they all secretly escaped and were hiding in India. Finally, they were
caught and imprisoned and in 1943 were brought back to Sri Lanka and
jailed for six months. Following his release the LSSP split again with a
section led by Colvin R de Silva leaving the LSSP on ideological grounds
and joining the Bolshevik Leninist Party (BLP) of India.
In 1947, Philip Gunawardena was elected to the first Parliament to
represent Avissawella but his involvement in the General Strike in 1947
cost him his status as a MP.
In 1951 he formed the VLSSP (Viplavakari Lanka Sama Samaja Party) and
joined hands with the SLFP led by S.W.R.D. Bandaranaike to form the MEP
(Mahajana Eksath Peramuna). The coalition won the historic 1956 general
election reducing the UNP to eight seats. He was appointed Minister of
Agriculture, Food and Co-operatives in the coalition government after
being elected as MP for Avissawella.
As the Minister of Agriculture his vision was to implement several
audacious steps to emancipate the poor masses from the shackles of
poverty. Ratification of the Paddy Lands Act met with his ideas to
remove the obstacles in the way of agricultural productivity. He was
influential in establishing the Multi Purpose Cooperatives to help the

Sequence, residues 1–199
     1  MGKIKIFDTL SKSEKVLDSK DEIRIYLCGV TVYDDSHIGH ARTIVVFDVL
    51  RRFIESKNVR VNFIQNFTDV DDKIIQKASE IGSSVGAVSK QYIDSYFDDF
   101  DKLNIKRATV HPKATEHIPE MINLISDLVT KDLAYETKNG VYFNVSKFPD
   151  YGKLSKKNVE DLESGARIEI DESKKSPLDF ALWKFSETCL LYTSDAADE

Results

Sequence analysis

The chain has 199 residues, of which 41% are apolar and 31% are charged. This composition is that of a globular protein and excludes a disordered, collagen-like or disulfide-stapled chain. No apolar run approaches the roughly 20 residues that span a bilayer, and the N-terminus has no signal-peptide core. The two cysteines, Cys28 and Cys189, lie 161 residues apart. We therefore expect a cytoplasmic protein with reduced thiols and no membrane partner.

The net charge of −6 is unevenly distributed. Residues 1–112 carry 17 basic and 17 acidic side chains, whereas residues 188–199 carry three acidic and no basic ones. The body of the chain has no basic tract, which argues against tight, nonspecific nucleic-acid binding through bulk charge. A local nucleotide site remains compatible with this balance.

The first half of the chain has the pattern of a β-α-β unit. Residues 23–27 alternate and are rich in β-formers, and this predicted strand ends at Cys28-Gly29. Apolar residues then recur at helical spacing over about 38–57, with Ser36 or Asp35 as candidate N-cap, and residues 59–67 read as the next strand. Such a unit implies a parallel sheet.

farming community and supported the establishment of the Ceylon
Transport Board by nationalising the bus companies. He activated the
nationalisation of the harbour, established the Ceylon Insurance
Corporation, and The Peoples' Bank to develop the country in a
systematic and wholesome way. He was also implicated in the takeover of
British Air Force Base in Katunayake and Naval Base in Trincomalee to
remove the last manacles of colonialism.
Philip Gunawardena became the Minister of Industries and Fisheries in
the National Government under Dudley Senanayake during 1965 - 1970 and
established the Industrial Development Board to enhance state industrial
corporations and private sector industries.
Philip Gunawardena was an eloquent speaker, always armed with an
overwhelming knowledge of the internal affairs of the country. He
exhibited his debating skills in parliamentary affairs and managed not
only to overpower his opponents' with a 'Lion's roar' inside Parliament,
but ensured that he scrutinised and evaluated every legislation before
any white paper went through to become law in the Statue Book. At times
he assisted the Speaker of the House to sustain discipline among members
of the assembly during boisterous sessions which managed to earn him the
reputation of the Boralugoda Lion.
He cast aside old fashioned dogmatic ideas and developed modern
social development based on scientific lines. During his political
career over four decades, he successfully executed his mission
selflessly by treating everyone on a human level.
He never abused his power or position for his own personal gains or
benefit. In 1970 he lost his Avissawella parliamentary seat, yet without
being disheartened wanted to re-orientate the MEP when heunexpectedly
fell ill and passed away on March 26, 1972. He had a magnanimous heart
with full of enlightened thinking and some superlative qualities which
he left behind for modern day politicians to emulate.